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The Lavender Garden

Rita Rodelli

515 West Stokes Street

China Grove, NC, 28023

Phone:· 704-857-3220

Mobile:· 980-297-5382

More About Lavender


About Lavender:

Prized for centuries for its healing, antiseptic and calming abilities, lavender remains the most versatile of all herbs.  The Romans, who first introduced lavender to England, were so impressed with its healing properties that they carried it along with them on their campaigns to dress war wounds.  Queen Elizabeth I, during England’s 16th Century, so adored lavender that not only did she drink copious cups of it as a tea but also paid dearly to a distillery for its compound as a perfume.  But it was Victoria’s long reign which created the wonderfully romantic lavender association with Victorian England.  Queen Victoria’s homes were impregnated with the aroma of lavender and she appointed a “Purveyor of Lavender Essence to the Queen!”

pix1Today it is the sun-baked slopes of Provence in Southern France which reign as the world’s largest producer of lavender.  Lavender seemed to find its home on the hot, sandy slopes of the Southern Alps in the region, and the Provence section, which is at the center of the perfume industry, has staked its claim as the world’s largest producer of all things lavender - distilling tons of lavender yearly for the wonderful essential oil of lavender. 

Lavender Cultivation:

The two major points to bear in mind when growing lavender are full sun and good drainage. Lavender is somewhat drought tolerant after it is established but it quite simply cannot tolerate “wet-feet”. When planting lavender consider making a mound for the plant on top of the soil. This is especially good to assist with adequate drainage when working in clay-like soils.

pix2Lavender’s natural home in the wild is the sunny alkaline slopes around the Mediterranean Sea with its light,well-drained soils.   So in most soils lime must be added to decrease the acid content of the ground. A PH factor between 6.0 and 8.00 is good for lavender. Remember to add lime, mound up the planting site for good drainage, and plant in full sun. Some bone meal can be added or a light application of a fertilizer such as 10 – 10- 10. Water the plants lightly until the new plantings are established. Afterwards, watering may not be necessary except in case of a severe drought.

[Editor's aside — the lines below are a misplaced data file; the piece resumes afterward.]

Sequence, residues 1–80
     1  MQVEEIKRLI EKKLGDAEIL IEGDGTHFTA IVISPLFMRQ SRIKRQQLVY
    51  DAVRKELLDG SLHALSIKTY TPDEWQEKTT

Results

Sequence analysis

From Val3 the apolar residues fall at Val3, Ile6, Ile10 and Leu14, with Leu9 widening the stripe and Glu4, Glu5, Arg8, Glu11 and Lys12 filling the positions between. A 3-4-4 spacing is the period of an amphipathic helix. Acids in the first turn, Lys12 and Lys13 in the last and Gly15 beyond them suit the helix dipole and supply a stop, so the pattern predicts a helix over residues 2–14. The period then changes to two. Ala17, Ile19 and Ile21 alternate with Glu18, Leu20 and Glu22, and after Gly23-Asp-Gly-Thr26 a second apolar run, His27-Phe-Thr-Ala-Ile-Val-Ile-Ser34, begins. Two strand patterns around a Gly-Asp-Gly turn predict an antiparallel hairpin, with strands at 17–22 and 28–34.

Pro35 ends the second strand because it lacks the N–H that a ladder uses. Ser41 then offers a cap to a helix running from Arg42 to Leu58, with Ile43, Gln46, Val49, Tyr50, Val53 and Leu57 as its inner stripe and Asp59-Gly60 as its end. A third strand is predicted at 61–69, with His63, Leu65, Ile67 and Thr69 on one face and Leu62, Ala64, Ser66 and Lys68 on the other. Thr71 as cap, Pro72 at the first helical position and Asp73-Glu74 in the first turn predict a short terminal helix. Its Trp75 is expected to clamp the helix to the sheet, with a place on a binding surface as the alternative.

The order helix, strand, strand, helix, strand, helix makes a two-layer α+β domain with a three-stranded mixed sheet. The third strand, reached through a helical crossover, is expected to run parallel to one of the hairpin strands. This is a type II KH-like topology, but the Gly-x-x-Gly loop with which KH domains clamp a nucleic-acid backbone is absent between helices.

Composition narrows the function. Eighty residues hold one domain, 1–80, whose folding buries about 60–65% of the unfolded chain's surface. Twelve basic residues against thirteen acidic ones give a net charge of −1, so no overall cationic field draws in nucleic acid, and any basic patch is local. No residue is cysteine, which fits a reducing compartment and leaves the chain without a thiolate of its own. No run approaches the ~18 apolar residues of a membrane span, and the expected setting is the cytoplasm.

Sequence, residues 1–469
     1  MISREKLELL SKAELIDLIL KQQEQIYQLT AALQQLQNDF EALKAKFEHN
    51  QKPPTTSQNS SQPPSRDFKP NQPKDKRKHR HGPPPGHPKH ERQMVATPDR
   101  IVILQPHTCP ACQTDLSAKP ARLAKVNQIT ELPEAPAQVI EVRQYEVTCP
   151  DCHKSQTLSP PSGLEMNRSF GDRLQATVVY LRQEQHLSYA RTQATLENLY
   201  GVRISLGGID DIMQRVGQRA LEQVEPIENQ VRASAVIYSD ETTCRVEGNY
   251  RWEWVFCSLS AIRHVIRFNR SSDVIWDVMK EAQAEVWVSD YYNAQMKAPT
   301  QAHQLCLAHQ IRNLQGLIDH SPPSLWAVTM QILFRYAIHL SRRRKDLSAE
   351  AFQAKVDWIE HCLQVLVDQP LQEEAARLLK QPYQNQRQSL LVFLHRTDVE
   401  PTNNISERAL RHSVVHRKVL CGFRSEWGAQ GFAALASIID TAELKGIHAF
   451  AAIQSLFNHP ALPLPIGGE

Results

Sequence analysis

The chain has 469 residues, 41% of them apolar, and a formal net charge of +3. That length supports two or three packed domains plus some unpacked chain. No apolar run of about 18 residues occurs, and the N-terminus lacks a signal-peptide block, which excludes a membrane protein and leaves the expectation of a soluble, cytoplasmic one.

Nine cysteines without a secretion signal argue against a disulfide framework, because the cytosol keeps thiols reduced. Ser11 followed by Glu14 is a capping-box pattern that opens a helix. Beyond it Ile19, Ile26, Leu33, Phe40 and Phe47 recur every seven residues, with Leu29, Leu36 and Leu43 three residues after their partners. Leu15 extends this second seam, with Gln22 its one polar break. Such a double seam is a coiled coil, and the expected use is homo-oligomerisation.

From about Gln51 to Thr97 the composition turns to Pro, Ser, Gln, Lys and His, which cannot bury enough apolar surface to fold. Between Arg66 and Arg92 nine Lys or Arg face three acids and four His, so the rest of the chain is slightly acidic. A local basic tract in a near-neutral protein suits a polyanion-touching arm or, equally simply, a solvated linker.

Lavender Healing & Aromatherapy:

Lavender’s dreamy fragrance has made its sweet perfume highly regarded since Ancient times. The leaves, flowers and buds possess a soft, warm scent with woodsy undertones.

The valuable therapeutic oils of lavender are extracted by a distillation process and are useful for the relaxing of mind and muscles. Thus the essential oil of lavender is a perfect bathroom oil, good for bath and massage.

The combination of compounds in lavender essential oil is so complex as to prohibit its artificial duplication. These compounds contribute to lavender’s unique qualities of healing, soothing, and mood regulation:



Helps kill bacteria and assists in the healing of burns and wounds.


Useful in relieving pain and building new skin tissue. Ketones are the ingredients responsible for sleep inducement.


Helpful in reducing inflammation, to ease swelling and muscle spasms as well as its being helpful to regulate moods and lift the spirits.


Lavender Culinary:

Most cooks are aware of the delicious results in baking and cooking that the addition of Rosemary can make. But not so many are mindful that Lavender can be substituted in any dish which calls for rosemary. Since lavender’s taste and fragrance is milder than rosemary, a bit extra of this herb can be added. The mild, sweet flavor of lavender adds to the good taste of dishes that range from salad dressings to desserts, and lavender tea is especially pleasing.

Lavender Recipes:


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